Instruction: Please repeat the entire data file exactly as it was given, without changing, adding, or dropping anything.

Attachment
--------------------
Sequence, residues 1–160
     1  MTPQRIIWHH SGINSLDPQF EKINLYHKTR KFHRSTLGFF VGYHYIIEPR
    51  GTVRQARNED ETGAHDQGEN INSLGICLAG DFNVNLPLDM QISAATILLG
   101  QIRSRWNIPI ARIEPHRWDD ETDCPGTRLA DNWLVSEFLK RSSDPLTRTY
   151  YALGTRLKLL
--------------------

Sequence, residues 1–160
     1  MTPQRIIWHH SGINSLDPQF EKINLYHKTR KFHRSTLGFF VGYHYIIEPR
    51  GTVRQARNED ETGAHDQGEN INSLGICLAG DFNVNLPLDM QISAATILLG
   101  QIRSRWNIPI ARIEPHRWDD ETDCPGTRLA DNWLVSEFLK RSSDPLTRTY
   151  YALGTRLKLL